So he doesn’t want to leave his friends, but there is a good homeschool community. What about his past homeschooling experience is making him apprehensive? Is it that he did NOT have many friends in the community when he was homeschooled before? Or did he have a group of friends, and is he just being short sighted by not recognizing that he will have that again. I would say that at his age, and with him having experienced both situations, his opinion is valuable and important, but not the last word. If I did decide to pull him from school, I would want very much for him to be ok with my decision. I think the best way to do that is to make it so that he is going TO something, rather than just going AWAY from his friends. Can you get connected / reconnected with the homeschool group ahead of time? Can you somehow get him to meet the peer group? Can you reassure him that he doesn’t have to totally lose his friends just because he isn’t going to school with them? I realize that the hope is that he will separate from them, but perhaps that has to happen gradually, as he gains more connections with other homeschoolers. Of course there is the matter of his upcoming young adulthood, and the eventual entrance into peer groups that are likely worse influences on him than the kids he is friends with now. I don’t mean to say that he needs to stay with a bad peer group now to prepare for the future, but if you do ultimately decide that the best way to navigate the negative peer group right now is to avoid it, you will need a plan for how to help him deal with it in a few years when he can’t avoid it anymore. I’m a homeschooler who is concerned about peer groups as well, but I don’t know if the best thing for your son would be the separation from this group, or continued (or more intense) involvement and coaching from you and dh on how to deal with the group. And I’m sure you know that the homeschool peer group may have its problems too - so just be sure that you have realistic expectations. As a homeschooler of kids nearing high school age, I have thought a lot about this for our own lives - it’s a tough decision. I will say a prayer for your discernment.

As he gets older, you will, of course, have more difficulty shielding your son from the world. Having said that, the most important thing for him is not socialization but education. If he is not doing extremely well at school and he can do better home-schooled, then he should be home-schooled.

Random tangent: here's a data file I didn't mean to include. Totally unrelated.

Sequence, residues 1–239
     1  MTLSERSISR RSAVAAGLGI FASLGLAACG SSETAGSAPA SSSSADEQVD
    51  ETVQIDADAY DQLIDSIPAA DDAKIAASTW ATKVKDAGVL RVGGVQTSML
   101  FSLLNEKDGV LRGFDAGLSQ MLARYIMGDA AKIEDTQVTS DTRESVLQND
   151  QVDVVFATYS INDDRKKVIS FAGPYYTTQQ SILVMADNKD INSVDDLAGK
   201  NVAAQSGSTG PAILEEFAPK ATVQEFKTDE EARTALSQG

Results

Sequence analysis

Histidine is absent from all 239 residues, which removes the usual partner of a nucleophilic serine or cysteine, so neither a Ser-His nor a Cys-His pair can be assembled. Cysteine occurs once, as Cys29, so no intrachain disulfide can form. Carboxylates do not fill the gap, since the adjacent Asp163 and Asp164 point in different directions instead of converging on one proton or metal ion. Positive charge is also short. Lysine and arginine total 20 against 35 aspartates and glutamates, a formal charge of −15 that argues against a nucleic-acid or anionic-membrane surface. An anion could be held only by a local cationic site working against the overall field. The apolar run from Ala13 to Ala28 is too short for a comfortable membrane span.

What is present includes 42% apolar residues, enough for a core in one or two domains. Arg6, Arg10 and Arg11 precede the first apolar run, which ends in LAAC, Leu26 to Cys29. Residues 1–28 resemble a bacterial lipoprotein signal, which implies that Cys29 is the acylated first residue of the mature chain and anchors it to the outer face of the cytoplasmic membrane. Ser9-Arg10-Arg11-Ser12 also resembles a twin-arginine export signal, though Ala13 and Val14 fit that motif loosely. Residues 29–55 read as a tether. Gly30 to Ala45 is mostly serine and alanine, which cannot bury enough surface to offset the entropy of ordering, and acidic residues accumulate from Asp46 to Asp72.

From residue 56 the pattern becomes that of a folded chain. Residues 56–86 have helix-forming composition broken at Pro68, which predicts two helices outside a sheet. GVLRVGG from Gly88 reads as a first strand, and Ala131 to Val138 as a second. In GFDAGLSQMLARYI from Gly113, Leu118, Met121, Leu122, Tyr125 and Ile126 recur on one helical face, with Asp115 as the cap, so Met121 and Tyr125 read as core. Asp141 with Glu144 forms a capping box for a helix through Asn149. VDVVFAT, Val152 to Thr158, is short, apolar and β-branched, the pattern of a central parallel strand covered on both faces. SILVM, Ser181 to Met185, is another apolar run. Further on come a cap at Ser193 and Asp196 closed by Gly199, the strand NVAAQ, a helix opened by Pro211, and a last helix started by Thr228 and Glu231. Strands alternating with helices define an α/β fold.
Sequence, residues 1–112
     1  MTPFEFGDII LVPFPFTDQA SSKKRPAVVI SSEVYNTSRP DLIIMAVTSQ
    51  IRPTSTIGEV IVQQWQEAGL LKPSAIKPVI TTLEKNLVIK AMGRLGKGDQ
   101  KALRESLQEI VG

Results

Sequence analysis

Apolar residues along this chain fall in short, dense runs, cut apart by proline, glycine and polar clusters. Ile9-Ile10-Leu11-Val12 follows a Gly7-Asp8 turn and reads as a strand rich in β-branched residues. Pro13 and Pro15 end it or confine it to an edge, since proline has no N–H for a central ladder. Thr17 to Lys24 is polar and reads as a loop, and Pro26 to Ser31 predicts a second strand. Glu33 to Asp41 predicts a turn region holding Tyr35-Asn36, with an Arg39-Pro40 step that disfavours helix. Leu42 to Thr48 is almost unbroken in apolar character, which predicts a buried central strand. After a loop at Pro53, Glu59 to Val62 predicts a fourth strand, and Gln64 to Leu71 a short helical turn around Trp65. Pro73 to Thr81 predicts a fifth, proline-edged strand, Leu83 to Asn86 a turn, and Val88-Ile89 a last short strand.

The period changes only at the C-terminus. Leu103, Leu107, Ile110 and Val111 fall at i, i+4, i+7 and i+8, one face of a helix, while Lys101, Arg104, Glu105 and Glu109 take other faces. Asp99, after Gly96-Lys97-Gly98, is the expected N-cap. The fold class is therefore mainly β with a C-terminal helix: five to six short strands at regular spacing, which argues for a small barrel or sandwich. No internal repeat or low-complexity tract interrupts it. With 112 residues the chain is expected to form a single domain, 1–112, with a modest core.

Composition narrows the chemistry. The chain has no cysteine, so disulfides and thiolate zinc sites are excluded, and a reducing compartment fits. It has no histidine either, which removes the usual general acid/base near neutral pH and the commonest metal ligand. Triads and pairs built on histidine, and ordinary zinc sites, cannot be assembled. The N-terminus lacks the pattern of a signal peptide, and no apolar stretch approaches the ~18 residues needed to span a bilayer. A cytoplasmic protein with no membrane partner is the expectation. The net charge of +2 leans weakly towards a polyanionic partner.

JMO - yes.

You mention your son’s not a leader type (yet). I suggest you and your DH work to strengthen him in that area and thus start having HIM influence his friends. Best idea is to find something (rock climbing, robotic competition, lazer tag league) that interests your son - and that would sound cool to his friends - that none of them have done before. Get involved as the parent leaders of the endeavor (hosting it at your house, providing transport, etc) and get the other parents on board (if possible). Use the example of you and your DH to become surrogate role models for these young men, and since everyone’s starting out at the same level, would give your son a chance to be in a quasi-leadership role.

Another option - mandate your DS pick something outside of hanging with these guys that he’d like to do and help him do it. Tell him it’s the price of staying in the high school - he has to find a sport or club that meets with your approval. Busy teens are too tired to get into trouble, extra-curriculars boost self-esteem, and he’d meet other teens.

I have three boys in or almost in their teen years. I’d say the odds of any of their male friends not cussing or playing video games is nil, and I’d say almost every one of my older teens friends makes some raunchy remarks. I can’t control any of that. :shrug: What I can - and DO - control is what my reaction is (would be) if my son started cussing, made inappropriate comments and/or tried getting away with playing unacceptable (or simply too much) video games. I’ve made the consequences very clear to them about that from a very early age. Good friends are great - but perfect friends are rare.

Yep......... Your right..... Again...


Another issue to carefully consider is how accepting of a newcomer the homeschool group will be to new high schooler. My husband was in the military and we have seen the good, the bad, and the ugly of homeschool groups. And the ugly are HORRIFIC to anyone who is new and just happens to have been in a traditional school most recently - although, a parochial school might not be seen as bad. My older two had a hard time finding their place in our hs group when we moved here (they were 11 and 13) and they’d been hsed forever!

What if you level with him? You don’t like his friends and you want to home school to limit their influence, If he’s so set against that, you want him to put in more effort to make new friends by joining cross country and becoming a boy scout, or whatever.